Friday, June 19, 2015

Book of Kells and Trinity College, Dublin

The Book of Kells was for me the foremost tourist attraction of Dublin. It resides in the Old Library in Trinity College.  After a marvellous Best Western breakfast, Laura and I walked to Trinity College,crossing the Liffey River, to pass from North Dublin into South Dublin.  Enterring the magnificent Trinity College we were surrounded by beautiful young people in gowns with their families.  As a bit of God’s synchronicity foot prints in my life, it was the graduation of Trinity College Medical Students.  It’s hard to believe I was ever so young. Also the innocence and enthusiasm on those young faces was touching to behold. Form a brief moment, I remembered fondly Mom and Dad at my medical school graduation. Maybe  I really once was young.  Maybe I once was as innocent and not nearly so weary as today.
Laura and I loved walking about the grounds, enjoying the old buildings.on this sunny day. We took selfies before the 30 m high Campanile.  Arnold Pomodoro’s sculpture of a Sphere within a Sphere was beautiful before the Berkeley Library.  We’d arrived early enough that the line up for the Books of Kells in the Old Library wasn’t long at all.  The museum was informative explaining the making of the vellum sheets from calf hide and the source of the colouring of the ink. I’ve always loved books and libraries since childhood. The Bible has been a part of my life since early days in Sunday School.  I was moved to learn of that all books, before the printing press, had to be copied by hand. The Celtic monks were the greatest of scribes and artists.  In the museum they had on display palm sized gospels that missionary monks carried with them on their travels through Europe.  Cahill’s How the Irish Saved Civilization best describes those journeys of enlightenment.
The Book of Kells itself was made around 800 AD on the sacred island of Iona.  It was later brought to Kells, County Meath.  The text is based on the Vulgate, the version of the Bible completed by St. Jerome in 384 AD. In the museum I loved the enlarged almost life sized folio page of St. John.  In the illustrated introduction Book of Kells by Bernard Meehan, it states that Pope Gregory the Great is said to have taught that images provided “a living reading of the Lord’s story for those who cannot read”.  Most of the illustration in the Book of Kells is of initial letters.  The Celts as an empire spread in the 3rd and 4th century from the Atlantic to the eastern europe and the Mediterranean collecting artistic styles from all these regions. The Book of Kells embodied the highest imagery of this highly artistic people.  I was truly moved to see the actual book despite the glass and crowd.  I am awed by the devotion and evangelism of these monks.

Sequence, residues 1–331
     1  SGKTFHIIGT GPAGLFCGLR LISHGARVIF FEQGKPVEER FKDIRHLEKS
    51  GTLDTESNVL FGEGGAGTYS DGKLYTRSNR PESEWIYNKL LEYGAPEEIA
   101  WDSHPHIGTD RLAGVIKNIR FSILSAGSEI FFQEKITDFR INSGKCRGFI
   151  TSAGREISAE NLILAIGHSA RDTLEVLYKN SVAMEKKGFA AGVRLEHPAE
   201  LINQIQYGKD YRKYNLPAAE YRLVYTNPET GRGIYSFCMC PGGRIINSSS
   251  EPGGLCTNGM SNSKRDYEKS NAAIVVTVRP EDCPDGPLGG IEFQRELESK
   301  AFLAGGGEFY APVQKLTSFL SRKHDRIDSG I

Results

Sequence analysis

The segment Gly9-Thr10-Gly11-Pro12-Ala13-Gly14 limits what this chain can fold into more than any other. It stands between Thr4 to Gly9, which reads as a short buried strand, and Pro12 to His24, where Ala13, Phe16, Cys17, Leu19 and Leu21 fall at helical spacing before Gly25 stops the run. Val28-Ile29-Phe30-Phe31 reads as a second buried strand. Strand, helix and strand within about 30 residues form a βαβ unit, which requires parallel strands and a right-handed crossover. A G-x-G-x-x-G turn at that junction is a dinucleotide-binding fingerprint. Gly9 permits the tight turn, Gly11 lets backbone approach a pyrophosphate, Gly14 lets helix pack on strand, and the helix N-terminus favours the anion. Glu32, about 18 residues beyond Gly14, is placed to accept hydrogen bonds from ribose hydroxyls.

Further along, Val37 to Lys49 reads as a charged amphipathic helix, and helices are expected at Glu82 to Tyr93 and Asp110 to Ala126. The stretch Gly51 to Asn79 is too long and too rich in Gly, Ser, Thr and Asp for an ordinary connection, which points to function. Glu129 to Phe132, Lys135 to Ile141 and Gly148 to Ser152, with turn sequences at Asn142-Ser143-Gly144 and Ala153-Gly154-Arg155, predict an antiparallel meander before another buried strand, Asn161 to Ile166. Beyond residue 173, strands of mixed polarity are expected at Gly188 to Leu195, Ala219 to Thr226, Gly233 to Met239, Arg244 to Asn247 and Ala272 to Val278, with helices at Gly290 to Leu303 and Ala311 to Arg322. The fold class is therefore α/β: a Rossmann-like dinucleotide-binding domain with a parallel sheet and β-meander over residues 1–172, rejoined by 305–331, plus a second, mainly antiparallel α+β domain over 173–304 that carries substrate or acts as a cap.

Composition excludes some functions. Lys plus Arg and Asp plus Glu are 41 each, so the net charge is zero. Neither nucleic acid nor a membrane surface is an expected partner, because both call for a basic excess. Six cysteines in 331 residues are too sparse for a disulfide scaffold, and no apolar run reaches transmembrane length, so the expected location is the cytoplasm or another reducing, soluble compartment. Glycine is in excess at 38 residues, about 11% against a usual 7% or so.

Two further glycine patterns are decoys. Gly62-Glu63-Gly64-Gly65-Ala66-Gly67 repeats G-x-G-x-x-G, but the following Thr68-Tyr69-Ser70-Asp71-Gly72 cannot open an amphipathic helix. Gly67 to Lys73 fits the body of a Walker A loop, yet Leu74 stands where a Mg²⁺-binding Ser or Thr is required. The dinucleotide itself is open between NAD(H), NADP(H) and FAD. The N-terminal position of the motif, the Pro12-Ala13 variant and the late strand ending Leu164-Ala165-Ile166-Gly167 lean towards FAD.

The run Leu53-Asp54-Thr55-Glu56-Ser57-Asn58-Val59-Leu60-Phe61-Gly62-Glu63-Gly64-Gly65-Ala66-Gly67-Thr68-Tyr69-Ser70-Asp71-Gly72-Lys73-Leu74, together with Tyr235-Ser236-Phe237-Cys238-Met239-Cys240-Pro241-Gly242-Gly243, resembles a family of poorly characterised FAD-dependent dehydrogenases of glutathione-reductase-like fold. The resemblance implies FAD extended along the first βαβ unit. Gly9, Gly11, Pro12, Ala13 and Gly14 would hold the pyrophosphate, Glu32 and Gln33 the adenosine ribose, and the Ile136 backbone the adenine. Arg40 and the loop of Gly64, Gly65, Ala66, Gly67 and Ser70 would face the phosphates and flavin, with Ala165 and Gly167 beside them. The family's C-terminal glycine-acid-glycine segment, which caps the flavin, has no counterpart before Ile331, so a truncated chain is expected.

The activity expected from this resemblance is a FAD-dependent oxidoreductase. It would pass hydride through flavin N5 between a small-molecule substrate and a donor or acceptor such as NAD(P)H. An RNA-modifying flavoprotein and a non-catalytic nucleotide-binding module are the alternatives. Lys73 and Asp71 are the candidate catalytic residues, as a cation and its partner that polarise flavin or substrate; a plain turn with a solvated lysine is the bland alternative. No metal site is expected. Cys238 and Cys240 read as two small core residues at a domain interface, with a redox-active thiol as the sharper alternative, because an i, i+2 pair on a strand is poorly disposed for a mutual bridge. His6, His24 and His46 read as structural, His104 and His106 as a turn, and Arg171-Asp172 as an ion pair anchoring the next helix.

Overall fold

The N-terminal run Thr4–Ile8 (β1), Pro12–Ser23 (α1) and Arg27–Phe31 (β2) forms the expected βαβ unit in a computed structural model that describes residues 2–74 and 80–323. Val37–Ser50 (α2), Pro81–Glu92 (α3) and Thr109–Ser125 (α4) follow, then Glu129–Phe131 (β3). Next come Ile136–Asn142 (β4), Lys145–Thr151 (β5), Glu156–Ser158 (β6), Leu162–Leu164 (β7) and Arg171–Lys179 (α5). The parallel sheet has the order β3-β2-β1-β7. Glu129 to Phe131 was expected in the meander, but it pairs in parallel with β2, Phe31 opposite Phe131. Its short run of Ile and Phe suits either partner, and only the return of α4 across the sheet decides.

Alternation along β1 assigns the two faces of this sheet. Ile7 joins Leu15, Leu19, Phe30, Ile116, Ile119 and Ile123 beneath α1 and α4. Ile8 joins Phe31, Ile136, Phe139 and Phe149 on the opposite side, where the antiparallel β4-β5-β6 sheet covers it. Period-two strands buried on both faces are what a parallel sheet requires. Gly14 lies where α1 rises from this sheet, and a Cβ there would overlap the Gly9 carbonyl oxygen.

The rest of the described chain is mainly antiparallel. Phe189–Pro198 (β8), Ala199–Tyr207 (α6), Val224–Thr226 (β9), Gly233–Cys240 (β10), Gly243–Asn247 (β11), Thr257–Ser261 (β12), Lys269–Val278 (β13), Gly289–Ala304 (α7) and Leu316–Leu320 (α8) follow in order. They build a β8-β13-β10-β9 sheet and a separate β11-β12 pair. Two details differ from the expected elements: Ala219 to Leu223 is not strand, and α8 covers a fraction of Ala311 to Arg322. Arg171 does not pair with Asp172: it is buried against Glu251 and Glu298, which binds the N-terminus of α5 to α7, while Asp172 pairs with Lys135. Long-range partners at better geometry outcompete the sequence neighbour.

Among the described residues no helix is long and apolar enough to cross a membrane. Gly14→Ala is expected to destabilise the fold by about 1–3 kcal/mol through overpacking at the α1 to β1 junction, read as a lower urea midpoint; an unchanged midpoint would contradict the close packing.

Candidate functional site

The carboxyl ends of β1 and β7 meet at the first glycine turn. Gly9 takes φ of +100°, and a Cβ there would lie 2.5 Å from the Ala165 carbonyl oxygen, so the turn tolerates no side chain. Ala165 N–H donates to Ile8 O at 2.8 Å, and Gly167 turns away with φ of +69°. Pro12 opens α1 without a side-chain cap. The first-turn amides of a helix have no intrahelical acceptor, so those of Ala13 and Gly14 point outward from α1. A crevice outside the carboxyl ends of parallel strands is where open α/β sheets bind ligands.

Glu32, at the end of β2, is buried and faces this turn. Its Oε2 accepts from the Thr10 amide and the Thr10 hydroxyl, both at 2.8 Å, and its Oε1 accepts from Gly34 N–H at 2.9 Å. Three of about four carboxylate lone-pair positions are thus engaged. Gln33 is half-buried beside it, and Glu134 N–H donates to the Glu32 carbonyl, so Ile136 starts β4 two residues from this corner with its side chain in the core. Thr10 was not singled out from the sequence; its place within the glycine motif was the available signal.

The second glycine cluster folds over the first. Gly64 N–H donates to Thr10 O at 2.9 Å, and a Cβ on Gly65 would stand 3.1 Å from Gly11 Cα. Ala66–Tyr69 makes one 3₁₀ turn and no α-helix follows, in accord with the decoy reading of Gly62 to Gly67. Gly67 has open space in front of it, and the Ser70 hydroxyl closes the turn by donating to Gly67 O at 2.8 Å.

Later Laura and I would sit in prayer in the Trinity College Chapel.  A Holy Bible was there. opened to a psalm. I read from that Bible realizing how easily I take for granted the gift we have today, The greatest story ever told is so readily available for reading yet I like most take this for granted.
Photography were not allowed in the Book of Kells museum.  Upstairs from the Book of Kells was the Long Room with the most amazing collection of old books, the greatest writing of the age.  Laura felt she’d been there before.It was a library of libraries, a wonderland for book lovers.
Next a stop in the Book of Kells and Trinity College gift store to load up on fridge magnets, post cards and gifts for loved ones back home.  Then after a coffee on campus, Laura and I, armed with our Lonely Planet , Discover Ireland guide book, headed down Dame Street for more sightseeing adventure.

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